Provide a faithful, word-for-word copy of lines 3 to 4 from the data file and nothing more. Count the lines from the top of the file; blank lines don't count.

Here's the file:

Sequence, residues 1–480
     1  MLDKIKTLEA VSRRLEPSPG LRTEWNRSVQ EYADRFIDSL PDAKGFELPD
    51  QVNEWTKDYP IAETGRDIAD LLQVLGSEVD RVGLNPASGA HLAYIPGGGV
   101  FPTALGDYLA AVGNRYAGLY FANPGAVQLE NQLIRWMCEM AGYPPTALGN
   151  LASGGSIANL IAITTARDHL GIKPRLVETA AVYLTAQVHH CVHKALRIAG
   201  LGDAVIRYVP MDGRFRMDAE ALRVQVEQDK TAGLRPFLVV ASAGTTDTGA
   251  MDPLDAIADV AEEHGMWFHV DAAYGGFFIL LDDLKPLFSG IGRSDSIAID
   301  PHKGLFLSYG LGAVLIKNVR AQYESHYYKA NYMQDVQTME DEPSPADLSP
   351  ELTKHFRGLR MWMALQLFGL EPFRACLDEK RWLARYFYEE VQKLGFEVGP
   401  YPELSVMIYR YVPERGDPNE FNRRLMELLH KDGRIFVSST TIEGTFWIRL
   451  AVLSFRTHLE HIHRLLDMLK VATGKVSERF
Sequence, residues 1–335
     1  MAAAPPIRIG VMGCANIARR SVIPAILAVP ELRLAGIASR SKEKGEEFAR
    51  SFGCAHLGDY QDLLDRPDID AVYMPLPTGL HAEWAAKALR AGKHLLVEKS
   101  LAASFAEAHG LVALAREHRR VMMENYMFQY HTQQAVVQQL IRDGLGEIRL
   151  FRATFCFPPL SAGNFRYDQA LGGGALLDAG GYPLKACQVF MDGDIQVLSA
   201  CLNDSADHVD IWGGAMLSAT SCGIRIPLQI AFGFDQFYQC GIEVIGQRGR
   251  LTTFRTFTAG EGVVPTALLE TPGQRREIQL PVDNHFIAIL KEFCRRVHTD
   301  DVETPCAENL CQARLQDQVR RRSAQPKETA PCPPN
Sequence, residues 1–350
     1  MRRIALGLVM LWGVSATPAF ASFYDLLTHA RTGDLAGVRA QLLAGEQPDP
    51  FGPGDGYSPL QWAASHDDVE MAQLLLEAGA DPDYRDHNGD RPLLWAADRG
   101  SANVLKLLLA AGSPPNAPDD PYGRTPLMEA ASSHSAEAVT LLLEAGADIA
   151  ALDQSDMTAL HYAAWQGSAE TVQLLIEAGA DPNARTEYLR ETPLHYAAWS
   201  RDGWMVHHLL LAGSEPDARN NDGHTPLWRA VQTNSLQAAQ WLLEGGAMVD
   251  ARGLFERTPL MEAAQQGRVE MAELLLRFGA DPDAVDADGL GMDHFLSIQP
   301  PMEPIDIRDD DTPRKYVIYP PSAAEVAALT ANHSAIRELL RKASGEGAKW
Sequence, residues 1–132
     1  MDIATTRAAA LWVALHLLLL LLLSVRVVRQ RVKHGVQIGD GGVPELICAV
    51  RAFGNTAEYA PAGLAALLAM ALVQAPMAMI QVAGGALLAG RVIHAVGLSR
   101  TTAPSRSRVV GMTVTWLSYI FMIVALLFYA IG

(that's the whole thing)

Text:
    51  QVNEWTKDYP IAETGRDIAD LLQVLGSEVD RVGLNPASGA HLAYIPGGGV
   101  FPTALGDYLA AVGNRYAGLY FANPGAVQLE NQLIRWMCEM AGYPPTALGN